STAGE

The playwright Jean Giradoux had a knack for treating heavy philosophical subjects in a light way. In L'Apollo de Bellac,
By Diane Sherlock

The playwright Jean Giradoux had a knack for treating heavy philosophical subjects in a light way. In L'Apollo de Bellac, being performed in French at Winthrop House this weekend, it's the classical theme of beauty that's the target. As the play opens, the Greek god Apollo comes to earth with the mission of teaching a woman the secret to any man's heart: Tell him he's handsome, Apollo says; no matter how ugly, any man will believe that. It takes little social consciousness to predict that this open sesamegets the woman into more trouble than she asked for and eventually into the arms of Apollo himself. And it should take little knowledge of French to appreciate the warmth and humanity of this production. Performances are tonight and tomorrow at 8:30 p.m. and Saturday at 2 p.m. Tickets are available at the door.

A slow, calming atmosphere of ritual and myth pervades the Loeb Ex this weekend. Hali by G.V. Desani, a four character play that is perhaps more like a quiet reading than a show, is the traditional Hindu story of a beautiful nature boy and his representations of family, love, and emotional life. With a voice reminiscent of Kahil Gibran, Desani quiets the emotions and stills the action to bring to the audience that famous peace. Performances are tonight through Saturday at 7:30 p.m. with a matinee Saturday at 3. Free tickets are available at noon the day before the performance at the Loeb box office.

The scandal of London in the 1920's was the young poet Edith Sitwell. She paraded around town dressed in exotic costumes and wearing gigantic sapphires on her fingers. She wrote "positively outrageous poetry" and she went around discovering poets, like Dylan Thomas, who were thought to be even more scandalous than herself. According to director Peter Sellars '80, Facade, "An Entertainment," the sparkling musical parody which William Walton wrote for Sitwell's poetry has "no plot, no characters." Then why did Sellars decide to stage this extravagant new production of poetry, puppetry, mime and dance and why did the Loeb (whoever is actually running it these days) decide to let him. "It was just irresistible," Sellars says. At its first performance in 1923, Facade caused such a ruckus that the fire department was called in. It's not yet certain that this weekend at the Loeb things will be that much calmer. Performances are tonight through Saturday at 8 p.m. and next weekend too.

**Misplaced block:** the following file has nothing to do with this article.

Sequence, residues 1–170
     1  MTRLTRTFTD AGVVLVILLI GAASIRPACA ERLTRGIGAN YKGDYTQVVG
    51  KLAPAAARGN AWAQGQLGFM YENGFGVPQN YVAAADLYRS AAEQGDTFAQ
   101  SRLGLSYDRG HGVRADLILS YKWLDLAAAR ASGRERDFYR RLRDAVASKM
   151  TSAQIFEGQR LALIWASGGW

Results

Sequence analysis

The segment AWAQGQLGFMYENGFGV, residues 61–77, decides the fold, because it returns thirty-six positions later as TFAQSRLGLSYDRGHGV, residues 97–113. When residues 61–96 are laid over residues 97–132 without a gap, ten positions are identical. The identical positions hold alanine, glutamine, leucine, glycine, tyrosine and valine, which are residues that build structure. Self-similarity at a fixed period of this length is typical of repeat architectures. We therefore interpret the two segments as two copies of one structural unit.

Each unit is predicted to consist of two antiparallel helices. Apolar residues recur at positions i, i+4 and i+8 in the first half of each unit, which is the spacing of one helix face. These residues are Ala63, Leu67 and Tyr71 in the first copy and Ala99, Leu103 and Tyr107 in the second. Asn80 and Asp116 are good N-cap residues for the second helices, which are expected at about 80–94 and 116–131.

At the center of the new Quincy House production of A Midsummer Night's Dream is the lush poetry of Shakespeare and images of reverie and nightmare, woven together carefully, like a spell. In Titiana's bower, the fairies, who also appear as the courtiers and in two choreographed scenes at the beginning and the end of the show, develop insect-like personalities and the dark underside of Puck is revealed. The elaborate production has been sealed together by the people who brought The Beggar's Opera to Adams House last year. In the stage's flood of dark blue light, lie back and be wooed. Performances are tonight through Saturday at 8:15 p.m. Tickets are $2.50 and can be purchased at Holyoke Center or at the door.

Across the street, meanwhile, at Lowell House, Puck is also recognizing mortals for fools. Song is the key note here with Benjamin Britten's full-scale opera of A Midsummer Night's Dream being staged in all its glory. Performances also begin tonight and run through Saturday at 8:30 p.mm.

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